According to research by Artillery Intelligence, 32% of U.S. adults now actively use augmented reality (and 46% of those say they engage with AR at least weekly). So AR is a technology printers and their customers can no longer ignore. While most of this AR use is for gaming or social media (such as Snapchat filters), AR is making its way into product packaging, advertising, and e-commerce.

There are two types of AR we see most commonly in the marketing space—web- (or browser-) based AR (WebAR) and app-based AR, primarily using image recognition (IR). While there are other types of AR, such as filters that allow you to place glasses on your face or visualize a new piece of furniture in your living room, these are the two most used on posters, direct mail, product packaging, and other marketing pieces.

Whats the difference between the two? If youre looking to add AR to your marketing arsenal, is one better than another?

App-based AR has been around longer than WebAR and offers a high level of flexibility to do pretty much anything the marketer wants it to do. This is the technology behind the famous and long-running 19 Crimes Wines labels, for example. With these labels, shoppers scan a QR code on the label and the faces on the wine labels come alive, telling the stories of the crimes that sent them into exile in Australia in the days of old. Augmented reality is used to turn photographs of real people into living,” speaking images that tell you a story.

To create these experiences, 19 Crimes partnered with the immersive experience experts at Tactic Studio and the creative agency Wunderman Thompson. The AR application uses the Vuforia Engine, which specializes in creating photorealistic augmented reality experiences. While most marketers will not replicate AR at this level, the potential for its selling power is undeniable. Fueled by the publicity of multiple awards and powerful word of mouth, in the first two years of the campaigns inception (2017–2019), sales increased by 40%.

The challenge with such AR experiences, however, is that they are app-based. In the case of 19 Crimes Wines, shoppers must download its Living Wine Labels app (although the app has been downloaded 5.5 million times and the experiences viewed over 22 million times). Thats why, when 19 Crimes Wines partnered with Snoop Dogg to launch its new wine, Snoop Cali Red, it partnered with 8th Wall to create an Ask the Doggfather” WebAR experience that works on any smartphone without an app and instead has the user scan a QR code.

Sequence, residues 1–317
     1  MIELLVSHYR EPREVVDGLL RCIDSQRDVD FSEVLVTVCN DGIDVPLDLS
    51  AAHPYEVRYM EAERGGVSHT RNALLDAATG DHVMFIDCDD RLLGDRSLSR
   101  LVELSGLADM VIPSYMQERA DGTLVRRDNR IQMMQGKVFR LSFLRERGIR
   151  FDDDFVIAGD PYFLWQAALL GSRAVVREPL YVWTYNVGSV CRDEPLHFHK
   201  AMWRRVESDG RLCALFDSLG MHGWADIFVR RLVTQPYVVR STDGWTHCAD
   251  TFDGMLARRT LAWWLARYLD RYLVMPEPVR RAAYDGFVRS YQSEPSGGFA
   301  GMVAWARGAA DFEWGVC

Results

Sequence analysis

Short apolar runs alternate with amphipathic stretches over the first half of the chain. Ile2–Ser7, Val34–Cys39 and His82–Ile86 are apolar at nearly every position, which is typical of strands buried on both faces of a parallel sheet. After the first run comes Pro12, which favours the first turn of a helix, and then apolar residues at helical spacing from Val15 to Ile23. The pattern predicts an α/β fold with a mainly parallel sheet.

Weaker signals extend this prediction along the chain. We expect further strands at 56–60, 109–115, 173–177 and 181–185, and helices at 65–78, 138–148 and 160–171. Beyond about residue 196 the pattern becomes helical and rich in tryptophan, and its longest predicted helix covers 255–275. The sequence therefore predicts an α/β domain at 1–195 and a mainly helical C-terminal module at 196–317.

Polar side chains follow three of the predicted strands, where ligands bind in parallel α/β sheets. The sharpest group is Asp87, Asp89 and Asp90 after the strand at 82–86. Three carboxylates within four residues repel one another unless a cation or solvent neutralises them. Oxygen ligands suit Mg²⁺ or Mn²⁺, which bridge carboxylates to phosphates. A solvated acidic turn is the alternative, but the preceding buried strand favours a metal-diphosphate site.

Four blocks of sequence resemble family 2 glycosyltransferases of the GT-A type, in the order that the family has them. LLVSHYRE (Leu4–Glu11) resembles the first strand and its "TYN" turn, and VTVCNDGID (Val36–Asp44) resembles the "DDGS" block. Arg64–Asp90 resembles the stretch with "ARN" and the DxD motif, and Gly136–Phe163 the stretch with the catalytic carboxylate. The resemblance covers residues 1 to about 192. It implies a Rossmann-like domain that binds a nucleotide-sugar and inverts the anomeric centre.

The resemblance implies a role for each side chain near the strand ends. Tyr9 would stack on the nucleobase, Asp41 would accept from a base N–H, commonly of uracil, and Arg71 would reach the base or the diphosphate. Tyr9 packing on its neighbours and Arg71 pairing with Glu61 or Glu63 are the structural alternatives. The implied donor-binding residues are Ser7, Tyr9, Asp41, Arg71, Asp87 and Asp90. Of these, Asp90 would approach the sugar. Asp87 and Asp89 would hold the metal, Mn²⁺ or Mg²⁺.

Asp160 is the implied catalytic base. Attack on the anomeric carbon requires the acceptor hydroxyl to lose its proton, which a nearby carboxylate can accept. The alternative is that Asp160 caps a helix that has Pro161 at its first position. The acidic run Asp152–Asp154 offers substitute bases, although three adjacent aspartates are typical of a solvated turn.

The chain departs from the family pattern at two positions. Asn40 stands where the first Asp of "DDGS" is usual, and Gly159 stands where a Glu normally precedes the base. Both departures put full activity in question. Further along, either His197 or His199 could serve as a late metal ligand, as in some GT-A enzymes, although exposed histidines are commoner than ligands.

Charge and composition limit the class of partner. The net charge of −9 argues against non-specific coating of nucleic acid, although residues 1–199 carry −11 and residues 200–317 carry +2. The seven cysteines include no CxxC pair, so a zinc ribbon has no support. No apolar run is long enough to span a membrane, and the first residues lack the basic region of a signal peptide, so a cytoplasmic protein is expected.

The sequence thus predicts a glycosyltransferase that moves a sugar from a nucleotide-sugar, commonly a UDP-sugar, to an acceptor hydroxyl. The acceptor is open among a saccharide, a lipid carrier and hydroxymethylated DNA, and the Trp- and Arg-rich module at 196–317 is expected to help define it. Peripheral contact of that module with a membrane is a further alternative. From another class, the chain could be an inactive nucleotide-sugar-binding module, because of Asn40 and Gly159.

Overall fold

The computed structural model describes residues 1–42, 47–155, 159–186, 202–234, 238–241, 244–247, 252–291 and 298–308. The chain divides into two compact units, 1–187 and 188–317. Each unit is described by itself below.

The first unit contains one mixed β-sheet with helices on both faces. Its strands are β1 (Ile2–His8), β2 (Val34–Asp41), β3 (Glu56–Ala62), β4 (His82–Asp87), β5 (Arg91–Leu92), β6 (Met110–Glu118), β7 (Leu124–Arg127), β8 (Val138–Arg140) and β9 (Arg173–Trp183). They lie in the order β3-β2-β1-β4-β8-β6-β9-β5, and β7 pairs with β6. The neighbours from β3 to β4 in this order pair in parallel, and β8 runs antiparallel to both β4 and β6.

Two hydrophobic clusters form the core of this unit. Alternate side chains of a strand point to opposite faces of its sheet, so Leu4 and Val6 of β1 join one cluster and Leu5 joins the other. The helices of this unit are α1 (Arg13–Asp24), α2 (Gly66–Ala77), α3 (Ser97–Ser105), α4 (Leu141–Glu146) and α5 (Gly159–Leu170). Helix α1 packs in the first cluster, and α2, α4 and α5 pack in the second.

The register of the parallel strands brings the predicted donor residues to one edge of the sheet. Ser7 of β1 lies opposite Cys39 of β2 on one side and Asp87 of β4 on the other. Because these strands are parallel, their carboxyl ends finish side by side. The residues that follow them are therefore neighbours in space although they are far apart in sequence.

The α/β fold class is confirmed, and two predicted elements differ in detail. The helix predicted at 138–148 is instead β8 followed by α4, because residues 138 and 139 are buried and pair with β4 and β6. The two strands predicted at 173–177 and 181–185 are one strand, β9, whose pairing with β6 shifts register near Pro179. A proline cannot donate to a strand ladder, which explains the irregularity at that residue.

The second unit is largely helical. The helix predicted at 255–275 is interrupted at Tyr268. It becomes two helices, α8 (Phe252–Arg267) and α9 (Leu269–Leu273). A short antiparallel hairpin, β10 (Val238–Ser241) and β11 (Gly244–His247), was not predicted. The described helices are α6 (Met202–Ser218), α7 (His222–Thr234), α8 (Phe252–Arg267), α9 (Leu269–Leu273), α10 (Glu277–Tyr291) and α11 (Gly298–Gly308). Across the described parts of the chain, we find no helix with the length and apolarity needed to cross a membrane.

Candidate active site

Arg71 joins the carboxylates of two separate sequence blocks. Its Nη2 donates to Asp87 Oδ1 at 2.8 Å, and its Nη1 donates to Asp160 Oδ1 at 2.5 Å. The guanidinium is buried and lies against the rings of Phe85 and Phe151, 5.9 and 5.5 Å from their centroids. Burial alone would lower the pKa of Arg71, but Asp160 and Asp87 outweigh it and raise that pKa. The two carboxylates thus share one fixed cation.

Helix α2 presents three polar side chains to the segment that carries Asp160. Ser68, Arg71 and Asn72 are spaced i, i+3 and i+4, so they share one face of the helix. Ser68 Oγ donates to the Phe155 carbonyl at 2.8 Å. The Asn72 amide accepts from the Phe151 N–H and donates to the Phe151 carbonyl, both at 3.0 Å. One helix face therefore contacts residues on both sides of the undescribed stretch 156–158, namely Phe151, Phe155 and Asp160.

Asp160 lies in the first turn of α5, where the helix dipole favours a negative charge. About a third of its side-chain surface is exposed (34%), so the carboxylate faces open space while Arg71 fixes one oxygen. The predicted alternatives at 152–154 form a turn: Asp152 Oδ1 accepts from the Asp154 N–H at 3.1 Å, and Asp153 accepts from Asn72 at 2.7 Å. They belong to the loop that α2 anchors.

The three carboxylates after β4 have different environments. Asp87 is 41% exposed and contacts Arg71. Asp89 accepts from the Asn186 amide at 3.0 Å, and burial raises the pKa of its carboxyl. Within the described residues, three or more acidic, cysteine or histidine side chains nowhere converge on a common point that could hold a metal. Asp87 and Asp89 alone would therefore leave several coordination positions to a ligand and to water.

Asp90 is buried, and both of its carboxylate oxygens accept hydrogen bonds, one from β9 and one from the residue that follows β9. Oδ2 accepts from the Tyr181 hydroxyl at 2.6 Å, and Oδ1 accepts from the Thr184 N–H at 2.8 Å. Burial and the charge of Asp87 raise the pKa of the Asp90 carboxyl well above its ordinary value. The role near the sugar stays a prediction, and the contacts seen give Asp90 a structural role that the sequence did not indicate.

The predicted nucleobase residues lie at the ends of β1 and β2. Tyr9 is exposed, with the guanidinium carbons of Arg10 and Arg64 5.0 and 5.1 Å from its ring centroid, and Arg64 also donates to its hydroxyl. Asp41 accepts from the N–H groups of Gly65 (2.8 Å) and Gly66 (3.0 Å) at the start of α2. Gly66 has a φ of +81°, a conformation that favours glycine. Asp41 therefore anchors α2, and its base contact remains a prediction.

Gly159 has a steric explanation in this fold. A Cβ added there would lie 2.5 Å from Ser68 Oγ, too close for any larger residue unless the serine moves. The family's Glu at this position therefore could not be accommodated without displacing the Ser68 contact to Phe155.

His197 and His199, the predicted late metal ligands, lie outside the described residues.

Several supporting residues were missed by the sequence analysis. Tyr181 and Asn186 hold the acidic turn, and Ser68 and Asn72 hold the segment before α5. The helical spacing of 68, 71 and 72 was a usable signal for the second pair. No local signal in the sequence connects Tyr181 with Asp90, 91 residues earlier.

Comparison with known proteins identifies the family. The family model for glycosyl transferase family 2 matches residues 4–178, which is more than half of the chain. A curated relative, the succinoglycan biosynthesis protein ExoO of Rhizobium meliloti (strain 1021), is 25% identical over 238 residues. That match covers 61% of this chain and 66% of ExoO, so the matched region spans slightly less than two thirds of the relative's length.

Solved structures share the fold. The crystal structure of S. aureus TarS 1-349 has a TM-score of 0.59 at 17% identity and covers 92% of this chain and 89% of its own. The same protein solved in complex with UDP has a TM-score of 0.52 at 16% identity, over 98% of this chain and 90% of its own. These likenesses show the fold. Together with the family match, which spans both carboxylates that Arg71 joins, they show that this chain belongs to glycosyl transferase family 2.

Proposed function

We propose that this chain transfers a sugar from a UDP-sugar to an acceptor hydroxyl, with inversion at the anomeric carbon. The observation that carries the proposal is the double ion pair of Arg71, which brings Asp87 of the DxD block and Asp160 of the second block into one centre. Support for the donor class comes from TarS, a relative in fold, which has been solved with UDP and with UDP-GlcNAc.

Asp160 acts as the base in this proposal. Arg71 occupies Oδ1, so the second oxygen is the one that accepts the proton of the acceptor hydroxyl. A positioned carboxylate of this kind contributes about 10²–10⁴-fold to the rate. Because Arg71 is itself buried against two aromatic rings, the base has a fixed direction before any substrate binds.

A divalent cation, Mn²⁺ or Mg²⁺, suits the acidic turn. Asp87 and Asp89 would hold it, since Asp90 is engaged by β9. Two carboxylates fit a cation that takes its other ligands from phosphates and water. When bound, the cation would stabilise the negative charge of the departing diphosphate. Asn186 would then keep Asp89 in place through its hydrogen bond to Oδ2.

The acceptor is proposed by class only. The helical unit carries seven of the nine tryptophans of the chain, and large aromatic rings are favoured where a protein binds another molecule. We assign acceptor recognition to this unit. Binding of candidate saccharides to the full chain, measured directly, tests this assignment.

Scan the code yourself and youll immediately notice a difference between the WebAR and the app-based experiences. Snoop Dogg appears in front of you, reciting and acting out lines performed in front of a green screen, uploaded as a video and then viewed through the screen on your mobile phone.

If this description sounds familiar, its because 8th Wall is the technology powering RealityBLUs WebAR platform, which WhatTheyThink has covered extensively. RealityBLUs holotwins are essentially video holographic twins” (like 19 Crimes Wines’ Snoop Dogg experience) anchored to a specific location you choose. RealityBLU also offers WebAR-based experiences for 360-degree immersive tours (portals) and 3D objects you can place and explore in your environment (such as a bottle of perfume, a car or a pair of shoes). RealityBLU now offers WebAR games, as well, with all experiences accessible by scanning a QR code. No apps necessary. 


(See RealityBLU holotwins in action in a campaign from Texas Tech featuring Coach Jerry McGuire, which had a 13% scan-through rate.)

Interactivity with WebAR experiences is generally through buttons that can lead to websites, e-commerce pages, contact information, and more.

WebAR experiences may be highly accessible, but they do have constraints in terms of complex interactions and functionalities compared to app-based AR. Indeed, while there is a significant appeal of the no app necessary” approach, app-based applications have a different look and feel that are highly marketable. Platforms like Immersia (with its Swigr app) require users to download the app, but then offer much flexibility in what that experience is. These apps typically use image recognition (IR) technology, so the software is recognizing the design on a label or product packaging, for example.

As long as that image is in view, these platforms offer a wide range of experiences, from embedded videos to flying objects.

AR objects are interactive, allowing the user to dive into a variety of experiences all within the app. Because these experiences are image-based, it also keeps the shopper engaged with the product as long as he or she is engaging with the AR experience. Move the camera away from the product and the experience disappears.

Thus, two different types of AR for two different types of experiences. WebAR has somewhat less flexibility, but is accessible by anyone with a cellphone. IR experiences can have more pizzazz, offer more creativity, but require an app—something not every shopper is willing to download, especially for an individual, first-time experience.

Whether your applications lean toward WebAR or app-based AR, the good news is that more and more platforms are offering simplified and template-based development, making it easy to experiment with both. More and more app-based platforms are moving to WebAR as well, creating more options than ever before. BlippAR is among those now offering WebAR experiences, including fully immersive experiences and those fun flying objects characteristic of app-based platforms. Check out its M&M Music Lounge or the interactive Walk of Fame tour of the legacy of David Bowie.

So get out there, explore and get creative. AR may not be for you or your clients, but then again…maybe it is.